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The Searching Heart: Adieu Derek Mahon

Essay by John Wilson Foster

Derek Mahon’s death in October reduces to one the trio of contemporary Ulster poets who triple-handedly created for a time the first admired school of Northern Irish poetry. There had been Northern Irish poets before, of course, and have been since, but no cohort had combined precocious merit with a tight age-group identity: only two and a half years separated the births of the three poets.

The convergence was due to the Northern Ireland government ‘s Education Act of 1947. That year was in time for Mahon (b. 1941) and Seamus Heaney (b. 1939), both of modest background, to be given free grammar school and then university education. Without that Act it is highly unlikely that Mahon or Heaney would have become poets. Heaney would probably have become a small farmer, Mahon an apprentice in a Belfast engineering firm, his father and grandfather having worked in Harland & Wolff, the giant shipbuilders that built the equally giant Titanic. Both poets were the first generation of “graduates” of the Act, the first discharge of mentored talent that hitherto would have gone unrecognised and unblossoming. Michael Longley (b. 1939) would probably have gone in any case to Royal Belfast Academical Institution, a famous Belfast school newly accessible to bright, exam-passing pupils like Mahon and where the latter first published poems, in the school magazine.

And like Longley, Mahon then went over the border to Trinity College Dublin, an Oxbridge-type remnant of English rule; students from Ulster (all Protestants back then) lost their distinctive dialect at Trinity. Heaney graduated instead (as I did) from the red-brick, i.e. provincial, Queen’s University Belfast where, however, he found inspiring lecturers from England and after graduation found the encouragement of the English poet and critic Philip Hobsbaum (as I did in critical theory when Hobsbaum was my thesis supervisor). All three poet-graduates were members of The Group, Hobsbaum’s weekly interactive poetry seminars, and although Mahon later downplayed Hobsbaum’s contribution, Hobsbaum’s candid tutelage surely toughened these budding poets as well as helping to provide an English greenhouse for their blooming. Mahon’s Night-Crossing (1968), Lives (1972), The Snow Party (1975) and The Hunt by Night (1982) were published by Oxford University Press, just as Heaney was published through his whole career by Faber & Faber (London) and Longley has been by Jonathan Cape (London).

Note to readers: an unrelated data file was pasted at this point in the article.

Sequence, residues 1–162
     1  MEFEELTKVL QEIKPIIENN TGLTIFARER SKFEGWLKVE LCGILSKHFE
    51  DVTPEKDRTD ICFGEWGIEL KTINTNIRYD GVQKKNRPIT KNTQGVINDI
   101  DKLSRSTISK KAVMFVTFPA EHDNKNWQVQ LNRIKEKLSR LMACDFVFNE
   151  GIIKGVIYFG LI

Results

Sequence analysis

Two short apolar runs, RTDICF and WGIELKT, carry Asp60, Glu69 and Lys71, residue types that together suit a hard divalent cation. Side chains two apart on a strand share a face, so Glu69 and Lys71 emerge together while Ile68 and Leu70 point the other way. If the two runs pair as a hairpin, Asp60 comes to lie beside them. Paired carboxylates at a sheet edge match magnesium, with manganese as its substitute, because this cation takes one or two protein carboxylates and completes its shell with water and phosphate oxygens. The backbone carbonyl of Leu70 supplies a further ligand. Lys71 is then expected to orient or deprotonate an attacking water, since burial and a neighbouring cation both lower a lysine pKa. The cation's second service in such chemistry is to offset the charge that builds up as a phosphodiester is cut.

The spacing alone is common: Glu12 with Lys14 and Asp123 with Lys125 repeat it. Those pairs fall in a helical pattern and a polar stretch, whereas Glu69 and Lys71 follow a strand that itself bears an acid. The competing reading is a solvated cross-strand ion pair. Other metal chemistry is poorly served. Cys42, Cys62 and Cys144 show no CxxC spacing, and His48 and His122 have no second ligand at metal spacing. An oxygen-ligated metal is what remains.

These high-powered launches must have given an edge to the rivalry in a friendship that was really something of a coterie. Through letters and meetings, each knew what the others were writing and how they were faring and developing. And rivalry is a binding as well as divisive state of affairs. I was at a publisher’s party in Dublin thrown to celebrate Heaney’s Nobel Prize. Late, Mahon announced himself by saying “Well, it seems anyone can win the Nobel Prize these days” - an ice-breaking joke, of course, but Heaney had won the ultimate accolade and the apprentice days of yore must have reproachingly swum into his mind.

The “Ulster Renaissance” as it was called, with some forgivable hyperbole, and spearheaded by the trio of poets, acquired a tauter convergence by the civil disorder in Northern Ireland. Longley has irritably disavowed any inspirational impact of “the Troubles” (i.e. of violence, to which he has a deep moral revulsion), and of course there was historical coincidence at work. Heaney’s first real volume, Death of a Naturalist, appeared in 1966, Mahon’s Night-Crossing in 1968, Longley’s No Continuing City in 1969. The first overtures of real trouble in Northern Ireland were heard in Belfast in 1966, the serious gunfire and bomb explosions made their horrific debut in 1969. This was a conjunction that each of the poets must over decades have pondered: what would my poetry have been like had the Troubles not happened?